Sir Alexander Gibson, Lord Durie
By Dr Bruce Durie
Gibson was not in any sense a true Durie. He took his judicial title when he became President of the Court of Session (the equivalent of the top High Court judge) in 1621, and from his acquisition of lands from the Durie family around 1614, including the Durie lands at Scoonie, near Leven,. There were sold to Gibson to defray legal costs incurred by the Duries. See Henry Kemp-Durie and Scoonie for more detail.
If we are to believe a traditional story, retold by Sir Walter Scott and taken from a ballad published in his 'Border Minstrelsy,' Gibson was once kidnapped by the Earl of Traquair when he was Lord Treasurer of Scotland. He was engaged in a lawsuit of great importance to him, to be decided in the Court of Session, and probably depended on the casting-vote of the President, Sir Alexander Gibson, Lord Durie, who was not of the same opinion as Traquair. Durie was a very fine lawyer and also a scrupulous judge in the days when such men were not common in Scotland. There was a saying at the time: 'Show me the man and I'll show you the law'. Gibson was immune to persuasion, bribes and intimidation, so Traquair decided he should be got rid of. A fellow Borderer of Traquair's, William Armstrong (known as 'Christie's Will' and a descendant of the famous Johnnie Armstrong of Gilnockie, who had been imprisoned in the Tolbooth of Jedburgh for his marauding), was in debt to Traquair for his liberty and probably his life. The Earl asked the bold moss-trooper for his help and he agreed to kidnap Gibson and keep him secure until the case was decided. It was well known that Lord Durie often rode his horse at Leith sands without any attendants. When Gibson was taking his constitutional one day, Armstrong engaged him in diverting conversation and led him to a quiet, secluded common, called the Figgit Whins. Suddenly, Armstrong pulled the judge from his horse, blindfolded and trussed him up, then carried him by unfrequented roads south to the Tower of Graham, a castle in Annandale, near Moffat.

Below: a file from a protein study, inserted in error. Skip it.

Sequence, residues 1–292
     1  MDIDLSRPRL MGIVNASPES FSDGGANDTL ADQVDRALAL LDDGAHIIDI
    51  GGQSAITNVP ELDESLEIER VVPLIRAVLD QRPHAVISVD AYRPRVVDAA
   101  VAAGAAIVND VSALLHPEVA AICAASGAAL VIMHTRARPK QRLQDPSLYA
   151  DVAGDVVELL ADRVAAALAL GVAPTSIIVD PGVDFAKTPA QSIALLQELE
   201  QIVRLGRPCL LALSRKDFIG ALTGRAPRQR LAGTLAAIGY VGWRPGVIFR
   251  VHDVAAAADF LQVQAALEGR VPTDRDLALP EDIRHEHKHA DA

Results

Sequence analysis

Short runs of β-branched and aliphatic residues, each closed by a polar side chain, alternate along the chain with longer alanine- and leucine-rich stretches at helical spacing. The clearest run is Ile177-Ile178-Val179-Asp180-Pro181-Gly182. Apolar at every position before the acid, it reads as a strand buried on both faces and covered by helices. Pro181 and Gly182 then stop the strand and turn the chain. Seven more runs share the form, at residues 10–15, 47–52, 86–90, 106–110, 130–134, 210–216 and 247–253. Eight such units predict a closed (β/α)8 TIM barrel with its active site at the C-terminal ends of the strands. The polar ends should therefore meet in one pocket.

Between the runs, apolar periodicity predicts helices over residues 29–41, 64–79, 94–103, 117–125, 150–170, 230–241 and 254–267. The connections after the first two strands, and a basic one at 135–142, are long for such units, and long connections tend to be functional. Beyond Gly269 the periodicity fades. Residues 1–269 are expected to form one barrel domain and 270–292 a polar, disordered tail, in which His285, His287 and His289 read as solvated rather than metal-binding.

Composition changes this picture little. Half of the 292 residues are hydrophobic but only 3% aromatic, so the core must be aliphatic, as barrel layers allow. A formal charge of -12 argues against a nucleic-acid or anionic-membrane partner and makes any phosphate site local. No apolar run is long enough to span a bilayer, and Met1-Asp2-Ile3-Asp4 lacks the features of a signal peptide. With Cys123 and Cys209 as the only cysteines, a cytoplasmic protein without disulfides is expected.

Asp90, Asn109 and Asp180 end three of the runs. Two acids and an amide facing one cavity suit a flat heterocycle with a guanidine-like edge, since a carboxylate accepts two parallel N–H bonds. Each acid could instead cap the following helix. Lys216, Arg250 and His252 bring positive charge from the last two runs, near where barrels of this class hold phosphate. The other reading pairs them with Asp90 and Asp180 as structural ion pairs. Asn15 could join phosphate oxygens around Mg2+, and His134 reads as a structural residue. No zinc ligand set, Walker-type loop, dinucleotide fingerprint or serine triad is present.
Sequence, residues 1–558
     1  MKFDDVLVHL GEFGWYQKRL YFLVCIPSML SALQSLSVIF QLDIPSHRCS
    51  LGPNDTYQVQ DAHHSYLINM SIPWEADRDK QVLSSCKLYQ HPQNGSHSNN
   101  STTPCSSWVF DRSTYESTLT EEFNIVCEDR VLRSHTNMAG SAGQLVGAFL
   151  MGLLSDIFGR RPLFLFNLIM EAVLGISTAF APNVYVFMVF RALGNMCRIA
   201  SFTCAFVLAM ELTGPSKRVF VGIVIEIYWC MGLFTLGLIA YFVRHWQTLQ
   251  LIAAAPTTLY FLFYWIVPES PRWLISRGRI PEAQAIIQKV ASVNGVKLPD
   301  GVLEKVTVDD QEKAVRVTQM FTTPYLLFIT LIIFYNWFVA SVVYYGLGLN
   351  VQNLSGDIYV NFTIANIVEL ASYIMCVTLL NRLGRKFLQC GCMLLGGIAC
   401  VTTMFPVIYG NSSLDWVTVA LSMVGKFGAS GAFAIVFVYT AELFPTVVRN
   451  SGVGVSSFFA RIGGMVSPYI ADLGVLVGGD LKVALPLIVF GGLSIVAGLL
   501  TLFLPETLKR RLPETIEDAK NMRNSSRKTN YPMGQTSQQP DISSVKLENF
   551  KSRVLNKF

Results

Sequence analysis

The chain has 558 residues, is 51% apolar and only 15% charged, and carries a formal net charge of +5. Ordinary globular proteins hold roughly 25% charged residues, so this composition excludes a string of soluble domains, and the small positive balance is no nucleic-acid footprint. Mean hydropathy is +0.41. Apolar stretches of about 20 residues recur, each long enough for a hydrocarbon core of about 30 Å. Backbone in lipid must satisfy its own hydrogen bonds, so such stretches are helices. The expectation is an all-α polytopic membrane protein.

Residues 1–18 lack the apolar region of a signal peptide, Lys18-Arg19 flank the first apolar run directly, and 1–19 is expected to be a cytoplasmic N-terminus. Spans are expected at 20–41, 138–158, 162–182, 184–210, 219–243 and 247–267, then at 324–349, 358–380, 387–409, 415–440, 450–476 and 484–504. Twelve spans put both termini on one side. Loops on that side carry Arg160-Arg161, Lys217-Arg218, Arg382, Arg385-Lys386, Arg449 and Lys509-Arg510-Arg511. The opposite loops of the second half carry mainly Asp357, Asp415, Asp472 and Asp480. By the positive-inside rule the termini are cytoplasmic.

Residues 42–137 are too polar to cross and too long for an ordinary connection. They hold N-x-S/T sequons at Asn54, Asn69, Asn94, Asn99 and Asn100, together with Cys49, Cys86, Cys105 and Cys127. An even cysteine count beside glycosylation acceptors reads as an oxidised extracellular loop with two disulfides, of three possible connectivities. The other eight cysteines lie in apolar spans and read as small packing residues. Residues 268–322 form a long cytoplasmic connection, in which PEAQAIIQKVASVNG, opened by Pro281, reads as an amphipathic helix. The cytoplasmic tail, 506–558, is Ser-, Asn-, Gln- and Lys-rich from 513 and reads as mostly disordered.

Tradition says that one George Meldrum, the younger of Dumbreck, and three Borders thieves, actually did the kidnapping and transporting of Gibson Lord Durie, at the instigation of Traquair. Alternatively, he may have been carried off again on another occasion, poor man.
Meanwhile, Gibson's horse was found wandering on the beach. It was assumed that the judge had been thrown into the Forth and drowned. His friends and family mourned his "death" and a successor was appointed to his office by the Lord Treasurer - someone more likely to find in his favour. The Lord President spent three dismal months in the dungeon of Graham Tower, getting food through a hole in the wall and seeing no one, " never hearing the sound of a human voice, save when a shepherd called upon his dog".
The Ballad goes:
'For nineteen days and nineteen nights
Of sun, or moon, or midnight stars,
Auld Durie never saw a blink,
The lodging was sae dark and dour.
He thought the warlocks o' the rosy cross
Had fang'd him in their nets sae fast,
Or that the gipsies' glamoured gang
Had lair'd his learning at the last.
"Hey Bawty lad far yond far yond"
These were the morning sounds heard he;
And een "alack" Auld Durie cried,
"The Deil is hounding his tykes on me"
And whiles a voice on Baudrons cried,
With sound uncouth, and sharp, and hie;
"I have tar-barrell'd mony a witch,
And now I think they'll clear scores wi' me"'
AUTHOR of the article: Dr Bruce Durie - Contact: firstname.lastname@example.org